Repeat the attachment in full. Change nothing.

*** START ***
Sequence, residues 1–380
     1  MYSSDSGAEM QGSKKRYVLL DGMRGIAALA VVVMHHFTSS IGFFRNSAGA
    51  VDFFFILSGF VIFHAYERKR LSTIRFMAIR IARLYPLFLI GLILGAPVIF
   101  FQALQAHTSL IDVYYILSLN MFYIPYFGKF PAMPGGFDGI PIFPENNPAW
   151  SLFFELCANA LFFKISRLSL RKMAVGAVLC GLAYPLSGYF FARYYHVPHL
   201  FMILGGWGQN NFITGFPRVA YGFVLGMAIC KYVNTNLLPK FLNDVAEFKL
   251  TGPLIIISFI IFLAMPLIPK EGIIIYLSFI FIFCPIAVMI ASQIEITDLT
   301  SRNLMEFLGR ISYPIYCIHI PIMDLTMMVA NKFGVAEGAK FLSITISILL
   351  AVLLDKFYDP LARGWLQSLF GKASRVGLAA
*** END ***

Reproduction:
Sequence, residues 1–380
     1  MYSSDSGAEM QGSKKRYVLL DGMRGIAALA VVVMHHFTSS IGFFRNSAGA
    51  VDFFFILSGF VIFHAYERKR LSTIRFMAIR IARLYPLFLI GLILGAPVIF
   101  FQALQAHTSL IDVYYILSLN MFYIPYFGKF PAMPGGFDGI PIFPENNPAW
   151  SLFFELCANA LFFKISRLSL RKMAVGAVLC GLAYPLSGYF FARYYHVPHL
   201  FMILGGWGQN NFITGFPRVA YGFVLGMAIC KYVNTNLLPK FLNDVAEFKL
   251  TGPLIIISFI IFLAMPLIPK EGIIIYLSFI FIFCPIAVMI ASQIEITDLT
   301  SRNLMEFLGR ISYPIYCIHI PIMDLTMMVA NKFGVAEGAK FLSITISILL
   351  AVLLDKFYDP LARGWLQSLF GKASRVGLAA